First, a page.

Bid/no bid decisions: 6 approaches to making them and 10 things the process must get right

Bid or no bid? Bid/no bid decisions are too important to do informally

Very few companies have effective bid/no bid decision making. They muddle through. When they do implement a bid/no bid process, it is usually flawed. The desires of participants carry more weight than any other criteria. Most find it extremely difficult to not take a chance at winning something. Some even have bid/no bid decision meetings, but they don't actually change anything. Below are several ways that companies approach the bid/no bid process. 

See also:
Bid/No Bid Decisions
  1. Leave it up to business development. A lot of organizations assume that they wouldn’t pursue an opportunity if it “didn’t look good.” The problem with this is that they tend to not put in place the systems that ensure their opportunities are golden. A bid/no bid process pushes information along to the next decision point, where you can see whether sufficient progress has been made toward being ready to win it. It also forces you to explicitly consider more reasons to not pursue the effort. It makes you more selective and increases your win rate. But even if you can never bring yourself to reject a bid, having a bid/no bid process will make your pursuits more effective, simply by providing goals and deadlines. A variation on this is to incentivize business development on wins and then leave it up to them what they pursue.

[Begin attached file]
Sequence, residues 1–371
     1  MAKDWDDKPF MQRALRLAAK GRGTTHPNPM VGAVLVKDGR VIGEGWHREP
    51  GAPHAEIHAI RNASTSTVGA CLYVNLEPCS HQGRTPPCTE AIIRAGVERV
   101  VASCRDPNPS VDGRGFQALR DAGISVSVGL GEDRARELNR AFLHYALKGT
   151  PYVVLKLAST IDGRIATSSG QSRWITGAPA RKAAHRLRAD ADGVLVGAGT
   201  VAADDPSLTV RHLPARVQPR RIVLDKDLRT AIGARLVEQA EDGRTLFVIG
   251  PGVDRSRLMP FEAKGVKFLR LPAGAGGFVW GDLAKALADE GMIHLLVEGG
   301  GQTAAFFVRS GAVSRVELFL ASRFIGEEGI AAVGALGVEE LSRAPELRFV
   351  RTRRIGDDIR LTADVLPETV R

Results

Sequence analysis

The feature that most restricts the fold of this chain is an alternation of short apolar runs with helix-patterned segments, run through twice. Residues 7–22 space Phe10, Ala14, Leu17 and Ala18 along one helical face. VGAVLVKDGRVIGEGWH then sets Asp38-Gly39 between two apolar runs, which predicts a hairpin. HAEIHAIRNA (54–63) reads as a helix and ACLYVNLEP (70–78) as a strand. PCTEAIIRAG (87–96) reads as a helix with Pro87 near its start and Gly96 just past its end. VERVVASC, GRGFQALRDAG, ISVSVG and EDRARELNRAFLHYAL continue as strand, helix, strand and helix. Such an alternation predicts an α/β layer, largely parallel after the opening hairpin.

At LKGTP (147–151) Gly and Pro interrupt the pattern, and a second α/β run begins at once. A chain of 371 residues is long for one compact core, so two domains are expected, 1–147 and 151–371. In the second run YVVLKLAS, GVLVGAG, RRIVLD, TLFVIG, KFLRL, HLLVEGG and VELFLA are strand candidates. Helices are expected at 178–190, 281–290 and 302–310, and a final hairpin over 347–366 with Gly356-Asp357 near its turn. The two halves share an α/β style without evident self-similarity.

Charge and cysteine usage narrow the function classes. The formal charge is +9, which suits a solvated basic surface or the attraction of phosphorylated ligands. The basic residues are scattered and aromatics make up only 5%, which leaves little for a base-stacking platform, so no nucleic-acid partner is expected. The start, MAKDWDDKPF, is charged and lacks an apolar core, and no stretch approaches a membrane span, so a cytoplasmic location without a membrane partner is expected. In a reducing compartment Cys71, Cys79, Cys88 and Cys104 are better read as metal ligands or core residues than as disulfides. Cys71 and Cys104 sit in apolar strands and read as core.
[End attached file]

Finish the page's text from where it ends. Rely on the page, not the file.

2. Pre-RFP bid/no bid decision. A lot of companies hold a bid/no bid decision meeting shortly before the RFP comes out. The problem with this approach is that it is reactive — it assesses what has been done with no ability to influence what will be done. In addition, it often doesn’t result in an actual decision since the verdict often degrades into “let’s wait and see what it says in the RFP.”